With this link you can view the first half of the book on Google Docs or even download it directly from there for your eBook reader.
Ug Goes Out is a children's book I published earlier this year. Here's the description on the back of the book: “When a caveman quits his job at the coffee shop, he takes a break to discover who he truly is.”
Nearly a year ago I leapt into the foray of self publishing, hoping against hope to draft a Newberry Award winning children's book on the first try.
Previously, for a college course, I had already mapped out a certain narrative about a caveman living trying to navigate life in a suburban neighborhood, a life in which he experiences everything from pet ownership to courtship and a career switch.
I spent the next several months drawing the pictures, whipped it up into a PDF, and uploaded it onto Lulu.com. This shouldn't sound so simple: I was able to complete this book mostly by using weekends and precious vacation days from work. It felt like a monumental task.
I marketed my book through word of mouth, using a blog, Facebook, and by passing out pretty fine-looking bookmarks (if I do say so myself) with my design of the book cover and where one could get a copy if one so chose.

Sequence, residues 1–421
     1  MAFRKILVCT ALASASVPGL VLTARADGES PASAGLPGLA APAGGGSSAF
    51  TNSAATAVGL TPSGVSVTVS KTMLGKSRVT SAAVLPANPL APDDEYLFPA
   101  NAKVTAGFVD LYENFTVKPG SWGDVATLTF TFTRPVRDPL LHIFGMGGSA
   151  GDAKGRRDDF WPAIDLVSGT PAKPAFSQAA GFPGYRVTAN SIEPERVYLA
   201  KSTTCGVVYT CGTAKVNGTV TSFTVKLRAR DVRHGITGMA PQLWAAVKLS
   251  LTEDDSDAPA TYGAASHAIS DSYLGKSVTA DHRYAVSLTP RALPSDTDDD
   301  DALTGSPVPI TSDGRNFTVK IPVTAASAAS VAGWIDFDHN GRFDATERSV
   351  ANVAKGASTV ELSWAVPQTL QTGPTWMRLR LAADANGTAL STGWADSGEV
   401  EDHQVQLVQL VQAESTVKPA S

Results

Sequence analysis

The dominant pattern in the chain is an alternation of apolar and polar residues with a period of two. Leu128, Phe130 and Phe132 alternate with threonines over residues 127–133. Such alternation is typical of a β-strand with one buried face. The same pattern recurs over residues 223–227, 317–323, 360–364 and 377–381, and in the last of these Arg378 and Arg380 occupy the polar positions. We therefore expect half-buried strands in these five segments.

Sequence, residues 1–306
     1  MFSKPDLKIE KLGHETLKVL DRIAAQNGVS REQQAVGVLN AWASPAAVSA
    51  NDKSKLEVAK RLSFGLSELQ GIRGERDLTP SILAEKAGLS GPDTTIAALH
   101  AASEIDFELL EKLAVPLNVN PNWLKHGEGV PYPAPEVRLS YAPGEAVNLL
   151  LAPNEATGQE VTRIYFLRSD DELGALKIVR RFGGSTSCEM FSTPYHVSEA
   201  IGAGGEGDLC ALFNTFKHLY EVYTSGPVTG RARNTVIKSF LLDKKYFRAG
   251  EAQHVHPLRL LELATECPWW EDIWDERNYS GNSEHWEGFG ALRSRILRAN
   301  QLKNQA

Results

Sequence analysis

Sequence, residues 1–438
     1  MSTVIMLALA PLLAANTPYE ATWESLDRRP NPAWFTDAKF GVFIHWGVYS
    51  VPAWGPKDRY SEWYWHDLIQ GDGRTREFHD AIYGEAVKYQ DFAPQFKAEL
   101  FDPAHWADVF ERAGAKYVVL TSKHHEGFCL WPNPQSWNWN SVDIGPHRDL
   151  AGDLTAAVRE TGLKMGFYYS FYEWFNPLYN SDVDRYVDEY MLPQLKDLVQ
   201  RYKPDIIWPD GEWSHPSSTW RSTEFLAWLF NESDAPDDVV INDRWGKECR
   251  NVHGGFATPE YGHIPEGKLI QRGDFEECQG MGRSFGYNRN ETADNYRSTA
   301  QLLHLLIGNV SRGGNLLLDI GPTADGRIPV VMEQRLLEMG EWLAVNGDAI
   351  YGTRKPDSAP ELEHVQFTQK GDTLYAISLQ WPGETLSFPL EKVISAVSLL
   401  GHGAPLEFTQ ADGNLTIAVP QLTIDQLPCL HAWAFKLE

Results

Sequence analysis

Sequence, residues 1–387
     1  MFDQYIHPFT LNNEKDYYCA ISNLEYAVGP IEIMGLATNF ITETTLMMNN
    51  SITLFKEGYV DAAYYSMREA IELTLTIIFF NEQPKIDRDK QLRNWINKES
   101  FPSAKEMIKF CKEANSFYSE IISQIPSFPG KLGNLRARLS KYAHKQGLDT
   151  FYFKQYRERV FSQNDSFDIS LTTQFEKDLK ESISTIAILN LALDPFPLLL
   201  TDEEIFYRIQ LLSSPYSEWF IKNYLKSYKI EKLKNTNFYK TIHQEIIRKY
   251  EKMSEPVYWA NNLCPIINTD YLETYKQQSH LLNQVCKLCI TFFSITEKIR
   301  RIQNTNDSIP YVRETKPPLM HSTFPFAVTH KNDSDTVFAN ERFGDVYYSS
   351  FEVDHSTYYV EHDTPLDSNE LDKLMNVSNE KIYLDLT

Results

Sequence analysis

Ordering about a few test copies, listing my book on Amazon and eBay, and ordering the bookmarks to pass out at work took a reasonable step of faith on my wallet's part ($138.98). Fortunately, my wallet's blind faith was satisfied for a net proft of $4.17, enough for a small sip of coffee at your local multinational coffee chain. After reading the dangers of self publishing, I considered this no small feat and patted myself on the back for a job well done.
When the process was completed, I wanted to do it again.
I had seen all kinds of potential for Ug and the world from whence he came, including the characters I've made but haven't used yet. A ninja learning patience. A pirate learning communication skills. A Western outlaw learning temperance. A knight learning bravery.
My work with students who have special needs showed me that Ug could be a great metaphor for their cause: a unique individual puts his talents into a real-world skill set while at the same time learning to connect with, for the first time, another human being.
Although Ug doesn't have a particular disability, I began thinking about how I could extend the metaphor while at the same time making it more particular. Could the pirate have Tourette's syndrome? Could the ninja have ADD? YES! A heart-warming series of children's books in which lovable mythical characters live in a suburban world and have to deal with issues that make them different and special—some of the same issues that many kids today have to deal with.
Raise your hand if this is a good idea. All I need now is to take a paid year sabbatical to work on these books.
If you would like to download the first half of Ug Goes Out in PDF to read on your eBook device, please follow this link.
If you would like to download the entire PDF for $3.99, please follow this link.
If you would like a paperback version of the book for $19.99, please follow this link.
If you would like a SIGNED paperback version of the book: let me know with an email to firstname.lastname@example.org, and we can work it out.